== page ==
Laurier launches programs in public safety

Wilfrid Laurier University is officially offering their students new programs in public safety, including a master’s degree program and five graduate diploma programs.

The programs are offered at Laurier’s Brantford campus by the faculty of human and social sciences. The programs aim to provide working professionals with the skills and education they need to further continue their progress in their desired careers, whether that be in EMS, boarder security, criminal justice or in any areas of public safety.

“It’s really an opportunity for people in those spheres to get an advanced credential that will give them some of the skills that they might need to progress within their organization,” Bruce Arai, dean of the faculty of human and social sciences, explained.

This program is also considered to be Ontario’s only fully online Master of Public Safety (MPS) program. Throughout the program, students have the opportunity to choose one of the four concentrations that matches Public Safety Canada’s pillars: border strategies, countering crime, emergency management and national security.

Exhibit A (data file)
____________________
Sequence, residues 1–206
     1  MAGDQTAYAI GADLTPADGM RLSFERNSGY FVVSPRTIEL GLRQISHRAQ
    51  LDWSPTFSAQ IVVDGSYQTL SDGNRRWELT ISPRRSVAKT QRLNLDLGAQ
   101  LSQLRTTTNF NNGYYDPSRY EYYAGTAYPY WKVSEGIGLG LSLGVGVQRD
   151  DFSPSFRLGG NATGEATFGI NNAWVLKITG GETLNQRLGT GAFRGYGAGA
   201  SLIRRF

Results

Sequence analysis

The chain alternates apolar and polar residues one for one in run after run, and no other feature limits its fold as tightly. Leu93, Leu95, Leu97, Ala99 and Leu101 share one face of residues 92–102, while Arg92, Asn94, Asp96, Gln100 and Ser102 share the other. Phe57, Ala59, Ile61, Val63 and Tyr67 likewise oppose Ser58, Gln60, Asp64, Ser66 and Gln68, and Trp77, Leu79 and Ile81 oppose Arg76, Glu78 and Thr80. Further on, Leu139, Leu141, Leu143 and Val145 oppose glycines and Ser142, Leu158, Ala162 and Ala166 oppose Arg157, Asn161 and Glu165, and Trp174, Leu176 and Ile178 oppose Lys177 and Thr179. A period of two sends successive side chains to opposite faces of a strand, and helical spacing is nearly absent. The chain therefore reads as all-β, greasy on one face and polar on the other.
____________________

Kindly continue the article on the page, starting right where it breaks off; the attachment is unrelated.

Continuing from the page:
Photo by Will Huang

The program is also intended to be part-time, and students are required to complete eight courses to earn their master’s degree in public safety.

The public safety programs will also specialize in public safety management and leadership, and will give students the opportunity to gain critical thinking skills to analyze public safety questions in the workplace.

The masters program aims to educate students on how to make ethical decisions in their careers, as well as how to be conscious of mental health issues and become strong leaders.

“[Other programs are] a little more specific – they’re not quite as broadly based as this one, which covers all the areas of public safety, they tend to be a bit more focused on emergencies and disasters,” Arai said.

The university also received a grant of $800,000 from the Ontario Council on Articulation and Transfer, which Arai explained had made a difference in the quality of the courses offered in the program.

“[The grant] really made a huge difference in the speed at which we can get the program ready and certainly the quality of the course is enhanced because we’re able to add more bells and whistles to the courses to make them more appealing,” Arai said.

Applications for admission are now open for students for both the master’s and graduate diploma programs in public safety.

“It’s kind of a new direction for Laurier to […] try and serve students who are not just traditional students coming straight from high school.”

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